- Vitamin deficiency anemia: Vitamin B-12 and folate are both essential for the production of red blood cells. If either is deficient, red blood cell production will be too low. Examples include megaloblastic anemia and pernicious anemia.
3) Anemia caused by the destruction of red blood cells
Red blood cells typically have a life span of 120 days in the bloodstream, but they can be destroyed or removed beforehand.
One type of anemia that falls into this category is autoimmune hemolytic anemia, where the body's immune system mistakenly identifies its own red blood cells as a foreign substance and attacks them.
Excessive hemolysis (red blood cell breakdown) can occur for many reasons, including:
- certain drugs, for example, some antibiotics
- snake or spider venom
- toxins produced through advanced kidney or liver disease
- an autoimmune attack, for instance, because of hemolytic disease
- severe hypertension
- vascular grafts and prosthetic heart valves
- clotting disorders
- enlargement of the spleen
There is a range of treatments for anemia. They all aim to increase the red blood cell count. This, in turn, increases the amount of oxygen the blood carries.
Treatment will depend on the type and cause of anemia.
- Iron deficiency anemia: Iron supplements or dietary changes. If the condition is due to loss of blood, the bleeding must be found and stopped.
- Vitamin deficiency anemias: Treatments include dietary supplements and B-12 shots.
- Thalassemia: Treatment includes folic acid supplementation, removal of the spleen, and, sometimes, blood transfusions and bone marrow transplants.
- Anemia of chronic disease: This is anemia associated with a serious, chronic underlying condition. There are no specific treatments, and the focus is on the underlying condition.
- Aplastic anemia: The patient will receive blood transfusions or bone marrow transplants.
- Sickle cell anemia: Treatment includes oxygen therapy, pain relief, and intravenous fluids. There may also be antibiotics, folic acid supplements, and blood transfusions. A cancer drug known as Droxia or Hydrea is also used.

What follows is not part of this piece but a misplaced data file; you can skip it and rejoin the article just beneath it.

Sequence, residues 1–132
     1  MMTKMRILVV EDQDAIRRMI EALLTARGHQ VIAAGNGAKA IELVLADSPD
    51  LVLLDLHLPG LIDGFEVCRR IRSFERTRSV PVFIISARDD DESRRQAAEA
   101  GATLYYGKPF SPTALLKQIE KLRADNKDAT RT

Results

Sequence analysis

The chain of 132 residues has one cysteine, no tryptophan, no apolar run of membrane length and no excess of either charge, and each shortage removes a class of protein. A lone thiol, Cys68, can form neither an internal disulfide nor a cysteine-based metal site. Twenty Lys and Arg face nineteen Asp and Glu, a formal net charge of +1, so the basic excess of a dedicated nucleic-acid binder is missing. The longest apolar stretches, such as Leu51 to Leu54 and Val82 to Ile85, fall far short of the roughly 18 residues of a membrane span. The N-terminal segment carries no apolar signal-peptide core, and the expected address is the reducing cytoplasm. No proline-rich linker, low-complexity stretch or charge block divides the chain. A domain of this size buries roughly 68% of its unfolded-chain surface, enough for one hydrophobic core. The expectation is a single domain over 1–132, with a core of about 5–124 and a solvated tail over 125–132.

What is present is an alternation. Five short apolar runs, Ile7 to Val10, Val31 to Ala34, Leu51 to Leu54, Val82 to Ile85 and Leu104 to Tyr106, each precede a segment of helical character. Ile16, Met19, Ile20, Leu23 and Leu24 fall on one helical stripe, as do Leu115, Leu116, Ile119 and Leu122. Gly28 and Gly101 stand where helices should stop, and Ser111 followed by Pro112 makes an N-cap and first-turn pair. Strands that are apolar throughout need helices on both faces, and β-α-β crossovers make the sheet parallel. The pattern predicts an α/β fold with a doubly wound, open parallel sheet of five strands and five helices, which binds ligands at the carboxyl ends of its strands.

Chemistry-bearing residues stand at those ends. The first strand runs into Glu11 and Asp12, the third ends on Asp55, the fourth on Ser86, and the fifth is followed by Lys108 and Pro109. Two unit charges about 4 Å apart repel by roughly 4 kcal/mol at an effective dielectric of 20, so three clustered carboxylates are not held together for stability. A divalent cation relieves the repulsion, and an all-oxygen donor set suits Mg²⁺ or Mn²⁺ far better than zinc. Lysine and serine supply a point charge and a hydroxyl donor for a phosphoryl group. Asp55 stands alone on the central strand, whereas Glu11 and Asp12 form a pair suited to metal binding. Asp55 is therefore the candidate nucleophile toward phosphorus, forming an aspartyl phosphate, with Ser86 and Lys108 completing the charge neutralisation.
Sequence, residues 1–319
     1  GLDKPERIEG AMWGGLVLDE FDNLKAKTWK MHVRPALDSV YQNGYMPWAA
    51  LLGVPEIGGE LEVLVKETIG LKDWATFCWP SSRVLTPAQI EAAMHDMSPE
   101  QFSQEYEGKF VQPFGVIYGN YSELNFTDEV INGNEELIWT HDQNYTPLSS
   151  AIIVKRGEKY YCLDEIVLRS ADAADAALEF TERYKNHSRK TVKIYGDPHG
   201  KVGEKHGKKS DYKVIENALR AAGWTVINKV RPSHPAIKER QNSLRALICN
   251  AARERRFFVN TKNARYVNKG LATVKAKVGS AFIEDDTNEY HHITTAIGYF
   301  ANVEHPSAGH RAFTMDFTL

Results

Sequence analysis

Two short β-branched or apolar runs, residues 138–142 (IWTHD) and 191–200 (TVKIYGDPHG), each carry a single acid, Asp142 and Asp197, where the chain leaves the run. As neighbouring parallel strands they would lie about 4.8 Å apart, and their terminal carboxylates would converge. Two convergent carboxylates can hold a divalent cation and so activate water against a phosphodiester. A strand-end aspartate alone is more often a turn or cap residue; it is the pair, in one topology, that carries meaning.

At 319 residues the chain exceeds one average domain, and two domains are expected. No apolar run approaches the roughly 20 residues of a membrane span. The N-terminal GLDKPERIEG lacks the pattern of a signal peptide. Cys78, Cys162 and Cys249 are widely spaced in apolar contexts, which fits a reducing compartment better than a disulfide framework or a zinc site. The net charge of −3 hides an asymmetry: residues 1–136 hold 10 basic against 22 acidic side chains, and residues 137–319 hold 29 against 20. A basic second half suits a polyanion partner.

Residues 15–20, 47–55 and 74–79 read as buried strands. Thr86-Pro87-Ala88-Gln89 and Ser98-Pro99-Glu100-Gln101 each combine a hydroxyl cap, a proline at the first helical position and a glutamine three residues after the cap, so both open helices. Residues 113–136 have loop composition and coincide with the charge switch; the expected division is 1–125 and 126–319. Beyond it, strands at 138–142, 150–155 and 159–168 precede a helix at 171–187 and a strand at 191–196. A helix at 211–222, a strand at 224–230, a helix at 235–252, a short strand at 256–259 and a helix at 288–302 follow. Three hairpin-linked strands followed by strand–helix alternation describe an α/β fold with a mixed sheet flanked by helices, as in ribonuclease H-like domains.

- Hemolytic anemias: Patients should avoid medication that may make it worse and they may receive immunosuppressant drugs and treatment for infections. Plasmapheresis, or blood-filtering, might be necessary in some cases.
There are more than 400 types of Anemia currently known, and these are divided into three main groups according to their cause:
- Anemia caused by blood loss
- Anemia caused by decreased production or production of faulty red blood cells
- Anemia caused by the destruction of red blood cells
Types of anemia within these categories include:
If the anemia is caused by nutritional deficiencies, a change to an iron-rich diet can help alleviate the symptoms. The following foods are high in iron:
- iron-fortified cereals and breads
- dark-green leafy vegetables, for instance, curly kale and watercress
- pulses and beans
- brown rice
- white and red meats
- nuts and seeds
- dried fruits, including apricots, raisins, and prunes
Anemia can occur in people of all ages and race, both males and females. However, certain factors increase the risk.
- pregnancy and childbirth
- being born preterm
- being aged 1 to 2 years
- having a diet that is low in vitamins, mineral, and iron
- losing blood from surgery or injury
- long-term or serious illness, such as AIDs, diabetes, kidney disease, cancer, rheumatoid arthritis, heart failure, and liver disease
- family history of inherited anemias, such as sickle cell anemia
- intestinal disorders-affects absorption of nutrients